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Mac Read: Scientist and Artist

Anderson Artists Guild member John “Mac” Read went to work in a grocery store at age 11 in his hometown of Rome, Georgia, earning enough money to buy his first camera, “a cheap little box camera,” he said. “I took pictures of anything I could find.”

But his greatest passion was chemistry, which he studied at Emory University, ultimately earning a Ph.D. He spent 26 years with Dupont, headquartered in Wilmington, Delaware, starting in the Plastics Department, identifying problems and products, such as what made up a polymer with a flame retardant. Then he moved to Central Research, where collecting and processing data from off-site labs was a big deal in the days before personal computers. He also was involved with magnetic resonance before MRI’s were known.

His next stop was Orange, Texas, where he made the materials used to create polymers. This included synthesizing hydrogen cyanide, which was notorious for being used by Hitler. Then he returned to Delaware to work in pharmaceuticals, doing analytical research to identify molecular structures.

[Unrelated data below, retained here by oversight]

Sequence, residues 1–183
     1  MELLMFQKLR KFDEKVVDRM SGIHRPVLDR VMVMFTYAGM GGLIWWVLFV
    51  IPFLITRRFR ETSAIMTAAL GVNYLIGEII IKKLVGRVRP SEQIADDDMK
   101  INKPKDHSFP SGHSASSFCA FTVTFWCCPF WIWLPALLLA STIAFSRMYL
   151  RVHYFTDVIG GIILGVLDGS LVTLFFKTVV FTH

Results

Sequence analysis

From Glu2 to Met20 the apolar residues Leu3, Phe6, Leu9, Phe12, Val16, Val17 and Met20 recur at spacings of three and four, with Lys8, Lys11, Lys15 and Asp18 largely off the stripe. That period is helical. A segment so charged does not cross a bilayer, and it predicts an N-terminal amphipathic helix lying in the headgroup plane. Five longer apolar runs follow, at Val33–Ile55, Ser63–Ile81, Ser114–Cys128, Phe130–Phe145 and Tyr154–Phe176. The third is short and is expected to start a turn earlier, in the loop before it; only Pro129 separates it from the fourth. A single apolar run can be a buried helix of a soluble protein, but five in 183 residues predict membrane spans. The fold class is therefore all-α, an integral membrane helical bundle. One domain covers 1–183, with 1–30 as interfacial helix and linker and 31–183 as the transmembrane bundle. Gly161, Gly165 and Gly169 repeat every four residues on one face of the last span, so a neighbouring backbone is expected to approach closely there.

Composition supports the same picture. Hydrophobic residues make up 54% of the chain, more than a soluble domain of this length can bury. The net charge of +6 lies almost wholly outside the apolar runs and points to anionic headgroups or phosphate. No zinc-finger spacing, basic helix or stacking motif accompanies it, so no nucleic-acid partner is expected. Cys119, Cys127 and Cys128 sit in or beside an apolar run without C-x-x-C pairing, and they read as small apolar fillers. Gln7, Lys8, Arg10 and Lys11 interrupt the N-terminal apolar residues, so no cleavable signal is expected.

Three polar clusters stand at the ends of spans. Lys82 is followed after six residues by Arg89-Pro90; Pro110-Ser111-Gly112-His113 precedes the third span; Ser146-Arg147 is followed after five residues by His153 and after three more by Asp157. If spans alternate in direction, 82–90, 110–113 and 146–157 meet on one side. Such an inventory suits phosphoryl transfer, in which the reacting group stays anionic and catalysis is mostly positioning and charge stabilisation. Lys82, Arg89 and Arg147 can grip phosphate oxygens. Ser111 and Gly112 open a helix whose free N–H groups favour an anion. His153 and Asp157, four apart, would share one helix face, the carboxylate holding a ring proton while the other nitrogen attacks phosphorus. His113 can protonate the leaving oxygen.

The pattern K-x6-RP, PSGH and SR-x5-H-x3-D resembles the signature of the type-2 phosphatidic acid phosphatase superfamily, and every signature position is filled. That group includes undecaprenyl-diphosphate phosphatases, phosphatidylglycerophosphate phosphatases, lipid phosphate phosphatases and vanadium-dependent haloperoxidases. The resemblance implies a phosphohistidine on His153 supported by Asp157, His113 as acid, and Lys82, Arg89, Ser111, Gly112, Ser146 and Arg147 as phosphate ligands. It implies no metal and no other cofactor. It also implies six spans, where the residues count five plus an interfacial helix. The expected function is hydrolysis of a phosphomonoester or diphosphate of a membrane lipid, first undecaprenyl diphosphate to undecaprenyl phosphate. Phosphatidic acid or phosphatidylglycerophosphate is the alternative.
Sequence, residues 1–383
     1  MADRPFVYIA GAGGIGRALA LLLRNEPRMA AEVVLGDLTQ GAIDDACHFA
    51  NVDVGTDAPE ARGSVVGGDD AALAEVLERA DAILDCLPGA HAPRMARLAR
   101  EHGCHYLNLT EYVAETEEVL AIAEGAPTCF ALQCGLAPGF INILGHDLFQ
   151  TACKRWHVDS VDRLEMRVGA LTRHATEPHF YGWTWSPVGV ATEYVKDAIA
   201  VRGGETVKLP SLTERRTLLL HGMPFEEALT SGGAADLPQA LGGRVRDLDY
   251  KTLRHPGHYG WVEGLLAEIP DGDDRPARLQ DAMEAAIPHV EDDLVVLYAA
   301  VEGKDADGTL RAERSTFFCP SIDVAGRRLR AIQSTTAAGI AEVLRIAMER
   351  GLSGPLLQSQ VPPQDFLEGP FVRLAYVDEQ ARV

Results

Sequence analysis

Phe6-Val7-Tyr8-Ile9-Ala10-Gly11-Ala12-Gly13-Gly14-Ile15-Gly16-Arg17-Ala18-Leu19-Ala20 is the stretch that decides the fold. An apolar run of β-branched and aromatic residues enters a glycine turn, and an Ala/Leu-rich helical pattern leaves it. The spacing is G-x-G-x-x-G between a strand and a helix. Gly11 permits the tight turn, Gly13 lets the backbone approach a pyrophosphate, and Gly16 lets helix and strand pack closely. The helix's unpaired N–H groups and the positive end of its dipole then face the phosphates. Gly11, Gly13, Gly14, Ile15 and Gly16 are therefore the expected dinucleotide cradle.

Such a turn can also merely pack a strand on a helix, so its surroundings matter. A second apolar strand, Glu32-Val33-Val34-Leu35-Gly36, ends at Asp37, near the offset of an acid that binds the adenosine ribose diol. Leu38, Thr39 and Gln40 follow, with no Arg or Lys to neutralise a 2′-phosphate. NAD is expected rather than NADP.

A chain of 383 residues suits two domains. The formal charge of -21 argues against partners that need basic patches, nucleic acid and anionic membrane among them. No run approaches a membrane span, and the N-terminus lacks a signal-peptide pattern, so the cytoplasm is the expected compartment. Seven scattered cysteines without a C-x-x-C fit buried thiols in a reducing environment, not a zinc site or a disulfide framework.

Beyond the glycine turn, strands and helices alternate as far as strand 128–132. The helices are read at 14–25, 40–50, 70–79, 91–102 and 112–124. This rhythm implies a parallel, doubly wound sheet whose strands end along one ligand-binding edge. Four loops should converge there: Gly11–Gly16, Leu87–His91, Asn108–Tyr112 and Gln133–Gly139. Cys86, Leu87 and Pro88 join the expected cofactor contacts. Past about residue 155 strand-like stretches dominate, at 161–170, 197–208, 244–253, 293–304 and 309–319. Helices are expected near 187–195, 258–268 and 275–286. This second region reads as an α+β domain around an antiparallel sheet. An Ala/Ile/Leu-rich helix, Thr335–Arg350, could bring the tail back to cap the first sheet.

After retiring, he and a partner started a consulting company to assist companies in trouble with the Food and Drug Administration.

After selling the business, he moved to Santa Fe, New Mexico. There, he and a friend started an art gallery. While he had no success in selling art, this led to another business—photographing art—which did very well. He continues to photograph artists’ work and has taught classes on how to photograph art. He places the artwork on an easel bolted to the wall and uses an exposure meter to ensure uniform light. He also has a few other tricks to adjust the color.

He moved to Asheville, North Carolina, before arriving in Anderson to live near his daughter. He continues to pursue photography, something he never left behind, using 4 x 5 inch film that allows him to retain good definition when blowing up the images to 40 x 50 inches. He is especially drawn to architecture, such as the old churches he often shot in New Mexico. He still sells his work in the Red House Gallery of the Swannanoa Valley Fine Arts League in Black Mountain, NC.

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